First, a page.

A cruise in the houseboats on lake Vembanad and Punnamada Kayal is a must experience for visitors to God’s own country.

Allowing the boats to cruise along in the lakes all day, but at the same time making it mandatory for all of them to be moored at sunset so that the traffic does not interfere with the traditional fishing carried out after that all through the night by local fishermen, speaks for an adjustment that has created a win-win situation for everyone.

Karimeen Pollichathu , or poached Pearl Spot fish, is a very popular dish with tourists to the backwaters of Kerala. Duck meat and various other delicacies prepared from locally netted shrimp and other varieties of shell fish; a combination of mashed tapioca, spicy Tuna curry (‘meenchar’ they call it) and freshly tapped toddy served in an earthen urn to go along with it!

It is really interesting to have visitors to Kerala asking for these culinary delights by their local names. So much for the local flavor and ambience!

Goa’s bountiful backwaters require no special introduction! But tourists to Goa often complain that they are not as good as the ones in Kerala. Nor have the authorities been very enterprising when it comes to developing backwater tourism. There were thoughts on ‘hinterland river cruise tourism’ some years back, but as has been the custom, for reasons best (un)known, all such discussions were unceremoniously shelved.

Where the tourism department should have been pushing the proposals for river cruises and houseboat-stays for tourists in Goan rivers with that special touch of Goan hospitality rendered, the monotonous view of several floating casinos crowding the waters is what greets visitors on their arrival.

During a recent visit to Munnar in Kerala, our driver wouldn’t tire of showing us the famous waterfalls there. For people used to the glorious spectacle of the cascading waterfalls at Dudhsagar and Harvalem here in Goa, the sights at the upper ranges of Idukki region were nothing more than rainwater rivulets gaining momentum at steep points to shape into falls. Yet the crowds admiring those scenic wonders were much more than what we would find at Dudhsagar waterfalls during peak season. Blame it on faulty promotion!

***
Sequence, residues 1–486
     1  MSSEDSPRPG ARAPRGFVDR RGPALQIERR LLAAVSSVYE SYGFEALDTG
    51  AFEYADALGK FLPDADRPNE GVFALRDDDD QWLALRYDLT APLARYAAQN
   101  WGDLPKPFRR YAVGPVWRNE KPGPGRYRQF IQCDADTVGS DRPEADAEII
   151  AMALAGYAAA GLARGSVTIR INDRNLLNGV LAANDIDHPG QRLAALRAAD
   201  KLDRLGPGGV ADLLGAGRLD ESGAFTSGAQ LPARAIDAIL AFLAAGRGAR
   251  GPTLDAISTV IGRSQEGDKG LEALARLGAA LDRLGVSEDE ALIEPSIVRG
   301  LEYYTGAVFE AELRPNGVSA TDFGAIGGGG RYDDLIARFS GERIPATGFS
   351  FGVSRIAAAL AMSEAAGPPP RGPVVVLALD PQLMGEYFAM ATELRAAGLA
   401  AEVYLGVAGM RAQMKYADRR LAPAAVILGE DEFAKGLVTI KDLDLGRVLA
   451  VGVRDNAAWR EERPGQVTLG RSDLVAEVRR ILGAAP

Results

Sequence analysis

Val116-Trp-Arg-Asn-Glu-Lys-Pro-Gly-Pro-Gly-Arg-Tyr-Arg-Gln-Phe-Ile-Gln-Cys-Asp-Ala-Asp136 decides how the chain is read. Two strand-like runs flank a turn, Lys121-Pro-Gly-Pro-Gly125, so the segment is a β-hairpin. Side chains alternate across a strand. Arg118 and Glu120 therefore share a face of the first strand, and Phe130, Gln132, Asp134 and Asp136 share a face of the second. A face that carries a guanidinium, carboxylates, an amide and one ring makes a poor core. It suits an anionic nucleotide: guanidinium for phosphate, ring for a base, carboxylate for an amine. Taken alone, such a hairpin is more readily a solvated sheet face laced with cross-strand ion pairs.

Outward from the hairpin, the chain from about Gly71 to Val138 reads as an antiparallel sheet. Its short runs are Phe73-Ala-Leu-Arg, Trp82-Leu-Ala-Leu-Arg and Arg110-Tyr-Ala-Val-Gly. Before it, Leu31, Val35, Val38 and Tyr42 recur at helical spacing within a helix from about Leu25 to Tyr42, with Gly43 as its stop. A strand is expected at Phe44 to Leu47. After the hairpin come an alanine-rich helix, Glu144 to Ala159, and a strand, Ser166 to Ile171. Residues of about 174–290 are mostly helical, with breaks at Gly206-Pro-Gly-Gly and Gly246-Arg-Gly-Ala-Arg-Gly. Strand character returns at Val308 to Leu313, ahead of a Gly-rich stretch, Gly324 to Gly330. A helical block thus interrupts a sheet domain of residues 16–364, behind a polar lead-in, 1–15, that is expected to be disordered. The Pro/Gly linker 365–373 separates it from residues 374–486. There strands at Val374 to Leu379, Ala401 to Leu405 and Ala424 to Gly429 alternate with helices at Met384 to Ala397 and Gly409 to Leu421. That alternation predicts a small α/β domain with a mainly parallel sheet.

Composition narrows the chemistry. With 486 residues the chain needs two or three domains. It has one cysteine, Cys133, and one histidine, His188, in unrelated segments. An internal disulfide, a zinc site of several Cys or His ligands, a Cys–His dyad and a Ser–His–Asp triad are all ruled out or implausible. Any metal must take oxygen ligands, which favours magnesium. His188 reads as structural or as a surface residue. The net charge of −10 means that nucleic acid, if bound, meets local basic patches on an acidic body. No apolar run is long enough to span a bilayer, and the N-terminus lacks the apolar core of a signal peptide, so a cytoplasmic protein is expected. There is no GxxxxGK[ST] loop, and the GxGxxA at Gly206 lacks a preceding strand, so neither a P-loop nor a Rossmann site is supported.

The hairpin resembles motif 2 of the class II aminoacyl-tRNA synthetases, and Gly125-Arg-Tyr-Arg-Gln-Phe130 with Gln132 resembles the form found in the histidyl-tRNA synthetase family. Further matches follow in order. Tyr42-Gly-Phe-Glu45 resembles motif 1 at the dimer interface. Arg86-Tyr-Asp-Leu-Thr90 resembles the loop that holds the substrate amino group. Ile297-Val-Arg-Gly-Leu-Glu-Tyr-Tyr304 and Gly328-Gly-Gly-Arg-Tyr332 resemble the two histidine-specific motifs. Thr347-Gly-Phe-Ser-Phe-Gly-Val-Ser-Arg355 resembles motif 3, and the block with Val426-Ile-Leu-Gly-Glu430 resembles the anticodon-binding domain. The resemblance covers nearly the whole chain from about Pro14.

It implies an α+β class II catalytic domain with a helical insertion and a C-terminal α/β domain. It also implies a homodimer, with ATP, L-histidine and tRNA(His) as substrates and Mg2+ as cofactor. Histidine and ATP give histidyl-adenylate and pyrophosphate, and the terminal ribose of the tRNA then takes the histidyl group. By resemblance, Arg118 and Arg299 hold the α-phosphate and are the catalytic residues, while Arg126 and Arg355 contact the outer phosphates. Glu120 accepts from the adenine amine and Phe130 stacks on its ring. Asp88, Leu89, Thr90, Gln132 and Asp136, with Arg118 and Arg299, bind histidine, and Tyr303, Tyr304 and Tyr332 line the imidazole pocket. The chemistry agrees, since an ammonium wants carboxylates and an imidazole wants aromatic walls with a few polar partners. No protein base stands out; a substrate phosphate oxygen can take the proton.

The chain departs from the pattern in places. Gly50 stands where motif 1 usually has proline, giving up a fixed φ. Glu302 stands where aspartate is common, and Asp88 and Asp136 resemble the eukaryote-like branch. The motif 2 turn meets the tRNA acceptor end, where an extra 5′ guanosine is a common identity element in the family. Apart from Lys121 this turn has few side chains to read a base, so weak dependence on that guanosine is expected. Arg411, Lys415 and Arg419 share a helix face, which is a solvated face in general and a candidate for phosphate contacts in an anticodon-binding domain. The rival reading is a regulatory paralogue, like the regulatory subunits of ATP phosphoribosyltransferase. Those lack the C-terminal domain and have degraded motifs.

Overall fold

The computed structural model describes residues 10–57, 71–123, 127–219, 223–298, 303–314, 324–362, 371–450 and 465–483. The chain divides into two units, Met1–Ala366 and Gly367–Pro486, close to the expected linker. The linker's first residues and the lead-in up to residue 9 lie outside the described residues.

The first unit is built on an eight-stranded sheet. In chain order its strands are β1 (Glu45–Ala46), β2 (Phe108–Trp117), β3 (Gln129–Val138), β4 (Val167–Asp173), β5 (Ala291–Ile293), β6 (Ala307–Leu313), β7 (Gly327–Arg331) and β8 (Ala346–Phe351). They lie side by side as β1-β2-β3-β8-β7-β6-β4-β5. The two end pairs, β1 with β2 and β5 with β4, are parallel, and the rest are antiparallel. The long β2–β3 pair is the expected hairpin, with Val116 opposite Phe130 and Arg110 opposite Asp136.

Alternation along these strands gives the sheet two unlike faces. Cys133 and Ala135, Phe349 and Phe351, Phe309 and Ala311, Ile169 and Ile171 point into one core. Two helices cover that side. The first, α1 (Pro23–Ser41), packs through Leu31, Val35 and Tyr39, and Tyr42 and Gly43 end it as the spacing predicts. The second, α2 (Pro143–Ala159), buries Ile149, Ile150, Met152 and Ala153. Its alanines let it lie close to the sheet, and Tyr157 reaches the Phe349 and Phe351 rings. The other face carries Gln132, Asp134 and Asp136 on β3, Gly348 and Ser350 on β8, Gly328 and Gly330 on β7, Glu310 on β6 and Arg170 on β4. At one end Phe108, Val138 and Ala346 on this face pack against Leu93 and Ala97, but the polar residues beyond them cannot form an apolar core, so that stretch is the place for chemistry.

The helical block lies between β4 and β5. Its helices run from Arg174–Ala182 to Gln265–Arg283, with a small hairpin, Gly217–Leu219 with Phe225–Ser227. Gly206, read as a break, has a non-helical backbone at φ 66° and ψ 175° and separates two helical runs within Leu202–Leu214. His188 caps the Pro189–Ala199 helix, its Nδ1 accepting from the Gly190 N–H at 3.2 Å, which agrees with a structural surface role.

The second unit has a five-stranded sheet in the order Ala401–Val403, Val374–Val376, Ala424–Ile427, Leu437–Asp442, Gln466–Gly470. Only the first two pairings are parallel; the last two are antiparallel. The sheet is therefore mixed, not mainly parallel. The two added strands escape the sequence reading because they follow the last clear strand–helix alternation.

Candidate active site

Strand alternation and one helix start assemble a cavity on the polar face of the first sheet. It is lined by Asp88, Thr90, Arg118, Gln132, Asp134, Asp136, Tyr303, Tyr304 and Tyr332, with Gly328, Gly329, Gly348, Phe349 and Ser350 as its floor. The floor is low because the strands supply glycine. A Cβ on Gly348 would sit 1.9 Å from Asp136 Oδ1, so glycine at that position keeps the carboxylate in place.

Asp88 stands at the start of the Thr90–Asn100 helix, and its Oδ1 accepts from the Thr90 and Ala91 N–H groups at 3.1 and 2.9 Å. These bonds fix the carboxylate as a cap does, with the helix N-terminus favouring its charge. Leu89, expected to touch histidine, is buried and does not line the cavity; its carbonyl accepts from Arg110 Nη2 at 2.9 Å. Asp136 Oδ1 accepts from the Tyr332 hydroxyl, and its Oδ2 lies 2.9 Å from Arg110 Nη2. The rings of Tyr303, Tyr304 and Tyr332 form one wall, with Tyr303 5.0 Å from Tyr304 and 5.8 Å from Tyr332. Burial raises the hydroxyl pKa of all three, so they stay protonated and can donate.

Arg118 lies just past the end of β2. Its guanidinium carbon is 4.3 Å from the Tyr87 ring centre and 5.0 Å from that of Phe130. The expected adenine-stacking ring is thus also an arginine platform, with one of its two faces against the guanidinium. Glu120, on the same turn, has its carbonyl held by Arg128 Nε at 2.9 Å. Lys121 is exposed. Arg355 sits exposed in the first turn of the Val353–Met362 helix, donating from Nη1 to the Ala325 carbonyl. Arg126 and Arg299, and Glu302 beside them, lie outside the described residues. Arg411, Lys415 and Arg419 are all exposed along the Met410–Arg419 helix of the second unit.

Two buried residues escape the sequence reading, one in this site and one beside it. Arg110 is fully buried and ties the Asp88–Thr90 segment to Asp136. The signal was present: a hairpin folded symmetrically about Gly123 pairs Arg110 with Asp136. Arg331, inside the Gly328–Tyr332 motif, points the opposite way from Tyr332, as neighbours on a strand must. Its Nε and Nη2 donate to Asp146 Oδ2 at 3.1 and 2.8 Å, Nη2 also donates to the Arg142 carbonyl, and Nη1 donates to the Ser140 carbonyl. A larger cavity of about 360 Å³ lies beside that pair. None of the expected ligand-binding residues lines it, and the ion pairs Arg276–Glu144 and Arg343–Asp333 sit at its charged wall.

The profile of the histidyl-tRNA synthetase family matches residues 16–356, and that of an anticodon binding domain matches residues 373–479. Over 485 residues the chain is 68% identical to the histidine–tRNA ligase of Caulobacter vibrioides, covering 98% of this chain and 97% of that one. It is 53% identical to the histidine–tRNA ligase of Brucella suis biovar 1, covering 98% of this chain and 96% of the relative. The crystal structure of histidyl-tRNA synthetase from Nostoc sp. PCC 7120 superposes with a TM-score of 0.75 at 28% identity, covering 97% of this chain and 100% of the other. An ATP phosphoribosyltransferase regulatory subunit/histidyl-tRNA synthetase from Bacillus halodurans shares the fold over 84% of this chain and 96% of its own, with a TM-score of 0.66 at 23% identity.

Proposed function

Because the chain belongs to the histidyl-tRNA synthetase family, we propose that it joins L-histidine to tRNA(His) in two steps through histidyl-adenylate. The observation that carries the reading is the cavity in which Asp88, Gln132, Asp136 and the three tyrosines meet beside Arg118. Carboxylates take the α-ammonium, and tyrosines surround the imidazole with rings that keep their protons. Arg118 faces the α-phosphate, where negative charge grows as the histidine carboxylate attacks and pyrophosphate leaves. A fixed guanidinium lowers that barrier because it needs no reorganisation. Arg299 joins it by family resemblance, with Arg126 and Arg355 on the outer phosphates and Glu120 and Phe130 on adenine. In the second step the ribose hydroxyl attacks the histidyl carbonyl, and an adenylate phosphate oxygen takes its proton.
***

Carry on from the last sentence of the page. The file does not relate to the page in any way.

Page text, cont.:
A fellow-writer has rightly mentioned that rain-drop tourism is one way of promoting the state as a year-round tourist destination. It is well-known that during monsoons almost all the waterfalls in the state happen to be in full flow and are heavenly sights to behold. Goa is also blessed with several smaller falls that could attract nature lovers. There will be plenty to gain by introducing the concept of monsoon destinations for tourists. 

Besides, doesn’t Goa have age-old customs and traditions that any guest to this heavenly land would love to understand and appreciate? The Goan-culture is a blend of its people, festivals, music and dance. With a multicultural past the Goans have rich traditional customs and rituals which are practiced and adhered to very religiously. Tourists could also be attracted through local food. Goan cuisine is a reflection of the state’s history and heritage.

Instead of concentrating on the sustainable use of natural resources to enhance tourism in the state, successive governments seem to have been preoccupied with grand designs to have revolving restaurants, oceanariums, theme parks, shopping malls, and entertainment and handicraft centers after every foreign jaunt by ministers who held the tourism portfolio. 

The state in this respect is guilty of having tried all this, but only as experiments.

(Published on 19th June 2017, Volume XXIX, Issue 25)